Liam is a singer.
Once every year or two, I have access to him as a subject for several days at a time, in varied settings, while he shoots a music video. Any photographer will tell you what a joy this is – a subject captive for three days while engaged in a number of activities and moods, rarely conscious of the camera.
To see Liam in the photos below, in life, or even on paper (he’s a graduate student of Physics at the top university in our country), you might think he had been born fully formed from the collective consciousness of Adonis and Athena.
But, no – he was born to me and his dad, and what is best about him is quite other than all that sheen.
“Lambie” – a nickname befitting the youngest but bestowed by his slightly older brother’s inability to pronounce “Liam” in the early months – was the embodiment of rough and tumble spunk, as a tot. He perpetually topped his head with peculiar lids and spouted witty insights from his wee pie-hole. And then there were the odder reflections: wondering one Christmas morning whether Santa might have brought him perhaps a bear – or a door. In everything – physical gags or wry observations – a ceaseless cascade of wit.
But his imperfections are many. Toddler Liam could not abide being sticky. Sticky fingers wrought wails of discomfort and frustration from his considerable lungs. Employing utensils with tiny hands entailed accidental food touching, so I often left pre-cut snacks on the footrest of Liam’s high chair for him to stop and pick up with just his mouth as he scooted through his days of fun. And his flawed nature has continued into adulthood; beneath all that awesome is a man who, if he thinks you’re intelligent, will not lie to you to spare your feelings (it would be beneath you), or who celebrates an old friend moving into town by texting them twice as often as he had before. This is a man who might well have to be tickled to smile for his own wedding photos.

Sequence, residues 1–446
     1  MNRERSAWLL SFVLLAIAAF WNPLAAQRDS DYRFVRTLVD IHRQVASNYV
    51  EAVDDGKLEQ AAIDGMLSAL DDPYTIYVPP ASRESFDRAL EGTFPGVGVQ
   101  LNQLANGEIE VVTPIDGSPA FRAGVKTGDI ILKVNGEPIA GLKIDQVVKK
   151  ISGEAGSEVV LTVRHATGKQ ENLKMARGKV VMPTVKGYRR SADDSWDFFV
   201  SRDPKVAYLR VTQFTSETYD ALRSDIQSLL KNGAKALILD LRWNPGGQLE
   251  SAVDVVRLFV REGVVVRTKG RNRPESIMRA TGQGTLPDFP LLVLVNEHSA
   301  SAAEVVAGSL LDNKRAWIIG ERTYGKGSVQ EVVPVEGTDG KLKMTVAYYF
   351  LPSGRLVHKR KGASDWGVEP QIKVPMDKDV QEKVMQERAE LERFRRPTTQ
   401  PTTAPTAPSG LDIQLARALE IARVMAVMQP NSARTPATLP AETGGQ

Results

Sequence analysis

Liam was our “little black box,” his inner perceptions an elusive enigma that his wit, humour, and music would not give up. And there is still so much he keeps close to his chest. But to be loved by him is eventually to know him and to know that to guard those secrets is to love him best.
I offer up no clarity, then, no endearing vulnerabilities or specifics but for this:
There are good men who casually put others at ease with a smile, or who make their best girl feel like a million bucks on the dance floor. These are not the kind of good man that Liam is.
My youngest son is the salt of the earth – the diamond of character and integrity that so rarely and, as such, so wonderfully is hidden in the rough of physical beauty and high achievement.
There are some men as good as he, but there are no men better.
This is album art I created for his last iTunes release.
In the dunes between takes.
My boy chillin’.
The early version:
In winter, with Sandor.
All recent photos taken with a Nikon D810. All rights reserved.
Gossamer Universe 2017.